An ambulance carried Gabrielle Giffords along a route lined with well-wishers holding flags yesterday, taking the congresswoman to a plane that will fly her to a Houston rehabilitation hospital and her next step in recovery.
It is the first time Ms Giffords left the Tucson hospital since she was brought there with a gunshot wound to the head nearly two weeks ago and people came to see her off with signs that read "Get well Gabby". "We want to be here to help her and show her a good farewell and hope that she has a great recovery," said Al Garcia, a Marine veteran who came on his Harley- Davidson motorcycle. "It's through all of these prayers that she's leaving in just two weeks."
Ms Giffords was travelling to Davis-Monthan Air Force Base with an escort from a group of motorcycle riders from a Veterans of Foreign Wars group who know her. From there, she was taken by medical flight to a Houston airport, then moved by helicopter to the ICU at Texas Medical Center, where she'll be evaluated and then taken to the center's rehabilitation hospital.
A gunman shot Ms Giffords and 18 other people on 8 January as she met with constituents outside a grocery store in Tucson. Six people died, including a nine-year-old girl. All other survivors have been released from hospital.
Giffords has been making progress nearly every day in her recovery from a bullet wound to the brain.
Doctors ticked off markers of her continuing improvement: She scrolled through an iPad, picked out different coloured objects and moved her lips. They are unsure whether she is mouthing words, nor do they know how much she is able to see.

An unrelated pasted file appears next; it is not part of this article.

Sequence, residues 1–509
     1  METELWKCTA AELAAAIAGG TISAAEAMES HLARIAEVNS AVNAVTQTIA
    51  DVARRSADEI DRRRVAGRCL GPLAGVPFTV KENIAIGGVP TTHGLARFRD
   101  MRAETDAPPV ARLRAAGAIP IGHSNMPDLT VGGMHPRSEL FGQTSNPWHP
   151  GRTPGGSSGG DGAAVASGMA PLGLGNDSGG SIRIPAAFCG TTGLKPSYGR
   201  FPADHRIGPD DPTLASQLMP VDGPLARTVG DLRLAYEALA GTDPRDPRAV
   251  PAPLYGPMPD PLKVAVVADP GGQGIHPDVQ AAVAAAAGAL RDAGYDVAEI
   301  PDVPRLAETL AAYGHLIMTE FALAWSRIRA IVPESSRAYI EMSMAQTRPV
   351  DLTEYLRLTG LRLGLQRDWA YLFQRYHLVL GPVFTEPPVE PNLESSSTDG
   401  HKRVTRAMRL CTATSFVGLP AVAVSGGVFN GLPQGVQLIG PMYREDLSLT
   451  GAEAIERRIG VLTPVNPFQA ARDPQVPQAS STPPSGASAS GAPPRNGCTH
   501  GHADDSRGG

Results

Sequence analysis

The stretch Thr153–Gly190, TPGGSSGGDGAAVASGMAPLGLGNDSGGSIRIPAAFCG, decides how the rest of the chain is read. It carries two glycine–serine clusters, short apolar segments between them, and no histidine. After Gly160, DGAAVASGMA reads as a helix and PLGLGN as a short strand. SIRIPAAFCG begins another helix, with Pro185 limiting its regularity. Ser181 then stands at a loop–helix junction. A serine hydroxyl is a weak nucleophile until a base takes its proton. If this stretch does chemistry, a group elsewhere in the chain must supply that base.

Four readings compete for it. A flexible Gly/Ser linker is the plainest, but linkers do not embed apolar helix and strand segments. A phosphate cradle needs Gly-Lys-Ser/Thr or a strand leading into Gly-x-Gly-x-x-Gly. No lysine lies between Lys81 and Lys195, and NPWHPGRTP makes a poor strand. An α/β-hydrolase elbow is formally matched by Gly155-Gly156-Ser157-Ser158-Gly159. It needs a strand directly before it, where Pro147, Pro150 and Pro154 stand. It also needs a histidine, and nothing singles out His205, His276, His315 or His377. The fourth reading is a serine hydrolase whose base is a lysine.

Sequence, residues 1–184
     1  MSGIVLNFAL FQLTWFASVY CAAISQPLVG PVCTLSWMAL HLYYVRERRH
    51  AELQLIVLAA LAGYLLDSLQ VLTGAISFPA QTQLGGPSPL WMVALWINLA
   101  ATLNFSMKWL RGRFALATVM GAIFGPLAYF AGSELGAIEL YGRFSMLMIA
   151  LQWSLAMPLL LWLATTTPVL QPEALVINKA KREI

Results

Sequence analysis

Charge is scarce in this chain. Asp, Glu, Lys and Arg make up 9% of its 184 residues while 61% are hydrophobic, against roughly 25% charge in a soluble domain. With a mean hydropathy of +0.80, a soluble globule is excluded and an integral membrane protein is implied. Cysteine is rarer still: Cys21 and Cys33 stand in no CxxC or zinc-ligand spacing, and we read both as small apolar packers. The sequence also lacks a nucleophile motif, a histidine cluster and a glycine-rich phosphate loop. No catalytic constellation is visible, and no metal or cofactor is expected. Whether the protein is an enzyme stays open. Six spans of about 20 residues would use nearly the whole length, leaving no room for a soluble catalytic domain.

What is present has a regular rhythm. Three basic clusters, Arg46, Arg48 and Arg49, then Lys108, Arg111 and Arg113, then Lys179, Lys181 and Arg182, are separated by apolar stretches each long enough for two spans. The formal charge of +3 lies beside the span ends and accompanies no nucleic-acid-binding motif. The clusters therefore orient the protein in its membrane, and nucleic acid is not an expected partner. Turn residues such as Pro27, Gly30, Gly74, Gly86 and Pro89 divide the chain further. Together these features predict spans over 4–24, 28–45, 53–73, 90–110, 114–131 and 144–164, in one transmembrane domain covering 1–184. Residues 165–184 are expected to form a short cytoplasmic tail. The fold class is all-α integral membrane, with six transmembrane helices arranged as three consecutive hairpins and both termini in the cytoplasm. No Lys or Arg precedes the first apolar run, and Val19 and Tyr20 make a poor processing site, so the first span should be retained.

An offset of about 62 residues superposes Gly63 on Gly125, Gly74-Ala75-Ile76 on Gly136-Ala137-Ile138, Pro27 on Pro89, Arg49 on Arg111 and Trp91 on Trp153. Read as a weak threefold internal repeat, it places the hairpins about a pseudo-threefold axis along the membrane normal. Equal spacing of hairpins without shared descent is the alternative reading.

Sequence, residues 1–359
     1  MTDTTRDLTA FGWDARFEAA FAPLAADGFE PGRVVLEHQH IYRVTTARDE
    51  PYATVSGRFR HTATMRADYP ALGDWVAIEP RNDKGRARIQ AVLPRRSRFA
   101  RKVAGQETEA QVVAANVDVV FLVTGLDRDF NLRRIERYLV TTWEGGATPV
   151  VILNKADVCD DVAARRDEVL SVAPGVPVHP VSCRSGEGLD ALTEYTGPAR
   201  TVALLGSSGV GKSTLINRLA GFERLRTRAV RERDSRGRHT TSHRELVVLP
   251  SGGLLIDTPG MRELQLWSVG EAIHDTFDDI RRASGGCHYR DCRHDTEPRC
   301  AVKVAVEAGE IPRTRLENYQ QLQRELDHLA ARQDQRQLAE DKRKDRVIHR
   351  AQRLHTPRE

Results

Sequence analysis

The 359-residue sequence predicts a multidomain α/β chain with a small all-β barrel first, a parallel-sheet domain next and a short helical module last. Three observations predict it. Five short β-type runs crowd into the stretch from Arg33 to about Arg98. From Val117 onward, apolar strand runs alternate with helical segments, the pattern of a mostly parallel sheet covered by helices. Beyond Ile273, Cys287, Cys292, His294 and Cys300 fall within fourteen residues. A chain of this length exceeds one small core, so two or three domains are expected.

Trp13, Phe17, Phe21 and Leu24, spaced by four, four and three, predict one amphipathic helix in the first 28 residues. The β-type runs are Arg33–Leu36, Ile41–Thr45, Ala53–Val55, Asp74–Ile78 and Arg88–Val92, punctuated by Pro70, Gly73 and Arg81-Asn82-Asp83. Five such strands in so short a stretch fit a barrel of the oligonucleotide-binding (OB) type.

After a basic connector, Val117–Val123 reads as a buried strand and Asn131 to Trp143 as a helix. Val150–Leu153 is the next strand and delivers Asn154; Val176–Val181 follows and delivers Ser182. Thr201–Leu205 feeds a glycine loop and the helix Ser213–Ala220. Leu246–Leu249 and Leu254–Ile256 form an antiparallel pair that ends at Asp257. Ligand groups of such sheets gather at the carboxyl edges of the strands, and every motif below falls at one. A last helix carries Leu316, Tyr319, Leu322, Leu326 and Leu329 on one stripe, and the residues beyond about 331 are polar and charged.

Her husband, Houston-based astronaut Mark Kelly, believes she has tried to speak and can recognize those around her. "I can just look in her eyes and tell," Mr Kelly said at a final briefing on Thursday at the Tucson hospital. "She is very aware of the situation."
Yesterday morning he tweeted: "GG going to next phase of her recover today. Very grateful to the docs and nurses at UMC, Tucson PD, Sheriffs Dept....Back in Tucson ASAP!"
"Congresswoman Giffords is a fighter," her aide C.J. Karamargin said yesterday on CBS television. "She's as tough as nails. She's communicated with her husband in positive ways," he said, adding that she'll be "back very soon. There's no question about it."
The doctors who will help her offered a more sober outlook. "Not everyone always gets 100 per cent restoration, but we help them to get to a new normal," said Carl Josehart, chief executive of the rehab hospital that will be the Arizona congresswoman's home for the next month or two.